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10-09-2017 09:42 AM

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I have a question. How to parse in Labview text string contains one formula and then use it with variables, functions, dlls etc. Iuse "Eval parse formula" function, but a want add to that my own functions like: "**Pcalc[a;b;c;..]name**". And I will use a, b, c variables, and "name" of function.

I did try that a few times, but can't do it.

10-09-2017 10:44 AM - edited 10-09-2017 11:45 AM

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We are mostly graphical programmers here, so I would like to ask "why???".

0Forest0 wrote:

... and then use it with variables, functions, dlls etc..

How exactly are you imagining that to work? What do you mean by "use it"?

Have you tried mathscript? LabPython? Python Integration toolkit? Gpower expression parser?

(Disclaimer: I am not really familiar with any of those)

10-09-2017 01:49 PM

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Have you tried mathscript? LabPython? Python Integration toolkit? Gpower expression parser?

Exactly are you imagining that to work? What do you mean by "use it"?

No. I mean use only in Labview. User enter the formula and variables. Program parse the string and calculate results with that variables in a loop.

10-09-2017 03:50 PM

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0Forest0 wrote:

Have you tried mathscript? LabPython? Python Integration toolkit? Gpower expression parser?

Exactly are you imagining that to work? What do you mean by "use it"?

No. I mean use only in Labview. User enter the formula and variables. Program parse the string and calculate results with that variables in a loop.

Google "LabVIEW parse formula". I think you'll find some stuff you can use.

Bill

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10-09-2017 06:01 PM

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No, you cannot declare and use a function in Eval parse formula. You'll need Mathscript for that (and MatLab). You can 'declare functions' by creating sub-vi's which you can call by parsing some text.

/Y

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##### Re: Parse formula in Labview

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10-10-2017 02:38 AM

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I've made this, but it's customer proprietary.

It has it's uses, for instance, when you want to define a calculated channel based on used input (a formula). The custom functions make sense, an interpolate, PID, LUT function for example can be very convenient.

My solution was to use Dykstra's Shunting-yard algorithm. An absolute peace of beauty. And in principle very easy.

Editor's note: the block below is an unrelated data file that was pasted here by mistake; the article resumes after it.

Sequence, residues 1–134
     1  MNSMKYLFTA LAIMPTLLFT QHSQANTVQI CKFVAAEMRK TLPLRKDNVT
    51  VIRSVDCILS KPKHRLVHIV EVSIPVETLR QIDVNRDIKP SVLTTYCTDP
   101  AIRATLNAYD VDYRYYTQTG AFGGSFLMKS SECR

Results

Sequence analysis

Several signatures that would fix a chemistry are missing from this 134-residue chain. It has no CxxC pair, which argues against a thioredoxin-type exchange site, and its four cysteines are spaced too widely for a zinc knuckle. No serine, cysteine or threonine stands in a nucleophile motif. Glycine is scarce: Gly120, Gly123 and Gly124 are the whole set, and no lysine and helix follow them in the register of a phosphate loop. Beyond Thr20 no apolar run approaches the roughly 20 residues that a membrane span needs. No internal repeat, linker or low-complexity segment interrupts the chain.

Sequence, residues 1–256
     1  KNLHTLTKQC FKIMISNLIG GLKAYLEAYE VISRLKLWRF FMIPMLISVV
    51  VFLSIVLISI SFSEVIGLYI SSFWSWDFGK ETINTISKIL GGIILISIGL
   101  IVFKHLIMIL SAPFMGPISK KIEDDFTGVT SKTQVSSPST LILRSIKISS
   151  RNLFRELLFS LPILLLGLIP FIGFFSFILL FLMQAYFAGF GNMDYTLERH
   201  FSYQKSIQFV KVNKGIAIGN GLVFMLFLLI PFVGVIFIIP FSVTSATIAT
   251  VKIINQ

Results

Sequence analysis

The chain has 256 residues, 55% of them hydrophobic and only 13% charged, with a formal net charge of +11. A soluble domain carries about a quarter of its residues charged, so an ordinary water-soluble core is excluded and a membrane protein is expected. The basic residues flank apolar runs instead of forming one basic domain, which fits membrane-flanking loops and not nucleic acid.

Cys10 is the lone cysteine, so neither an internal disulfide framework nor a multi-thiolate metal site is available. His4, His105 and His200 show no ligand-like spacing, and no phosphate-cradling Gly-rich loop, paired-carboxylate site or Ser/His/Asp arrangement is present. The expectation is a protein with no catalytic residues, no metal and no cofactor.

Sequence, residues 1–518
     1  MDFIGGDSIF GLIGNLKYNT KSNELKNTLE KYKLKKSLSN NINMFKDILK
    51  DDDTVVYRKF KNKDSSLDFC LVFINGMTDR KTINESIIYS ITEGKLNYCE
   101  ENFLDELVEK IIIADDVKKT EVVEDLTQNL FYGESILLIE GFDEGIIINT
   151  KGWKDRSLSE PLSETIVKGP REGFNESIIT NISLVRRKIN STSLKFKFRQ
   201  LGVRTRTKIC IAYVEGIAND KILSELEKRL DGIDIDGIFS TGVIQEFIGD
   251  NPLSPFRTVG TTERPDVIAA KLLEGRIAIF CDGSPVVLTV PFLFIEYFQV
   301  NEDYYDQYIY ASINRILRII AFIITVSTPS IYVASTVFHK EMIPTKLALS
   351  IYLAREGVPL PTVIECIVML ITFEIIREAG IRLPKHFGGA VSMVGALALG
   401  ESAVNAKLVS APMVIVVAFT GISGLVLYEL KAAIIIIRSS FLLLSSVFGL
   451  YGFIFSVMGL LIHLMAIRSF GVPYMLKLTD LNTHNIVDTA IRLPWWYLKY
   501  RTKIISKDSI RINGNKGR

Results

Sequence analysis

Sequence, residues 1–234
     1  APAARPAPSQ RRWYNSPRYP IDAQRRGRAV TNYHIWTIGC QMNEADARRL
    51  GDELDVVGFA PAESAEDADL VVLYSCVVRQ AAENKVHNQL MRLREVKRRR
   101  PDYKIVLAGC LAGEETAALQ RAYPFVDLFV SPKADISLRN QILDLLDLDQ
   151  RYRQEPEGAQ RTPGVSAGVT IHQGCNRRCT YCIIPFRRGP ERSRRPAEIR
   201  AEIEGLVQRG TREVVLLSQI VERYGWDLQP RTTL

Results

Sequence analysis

In formula parsing, there are some tricky parts, especially with ^ (something the eval from NI did\does wrong). 2^2^2^2 = 2^(2^(2^2)) = 65536, not ((2^2)^2)^2 = 256. ^ is the only right associative operator, and that is often overlooked.

I wanted to allow math on scalars mixed with arrays, scalars vs scalars, arrays to arrays and Booleans vs Booleans, etc. since invoking a formula on two arrays one element at a time is dreadfully slow. This is just a complexity. If you don't need that, you can do it in a few days.

LabVIEW Programming ((make LV more popular, read this)

10-11-2017 11:25 AM

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My solution was to use Dykstra's Shunting-yard algorithm.

It is may help. I'll look it up, when I have a time.

10-11-2017 01:17 PM

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I also have done something like this for purposes of a calculated channel. My method was:

I used a variant attributes lookup table to store all of my current channel values by name... and then used [ ] around the channel name that was to be used as a variable. For example

[Temperature] * 1.8 + 32

I then put the formula string through a look with a regex looking for [ ], and when it found it I would pull that out of the string and replace it with a string value from my lookup table. I'd then feed this into the parse formula.

It won't interact with DLLs or act like a function like you had specified... but it will allow you to parse arbitrary text strings as formulas with variables on the fly.

10-11-2017 02:06 PM - edited 10-11-2017 02:24 PM

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wiebe@CARYA wrote:

In formula parsing, there are some tricky parts, especially with ^ (something the eval from NI did\does wrong). 2^2^2^2 = 2^(2^(2^2)) = 65536, not ((2^2)^2)^2 = 256. ^ is the only right associative operator, and that is often overlooked.

Excel and Matlab doing it also wrong (details).

However, the LabVIEW help says that exponentiation is right associative and some simple testing shows it to work correctly, __except for the formula parsing__. For example the Formula express VI and expression node give the correct result for right-association. (See image)

Obviously, the sentence (link) "The precedence of operators is the same for the Mathematics VIs as in Formula Nodes. Refer to Formula Parsing VIs for more information about specific Formula Parsing VIs." is __incorrect for exponentiation__.

(I have not investigated in details, but that should be documented and corrected).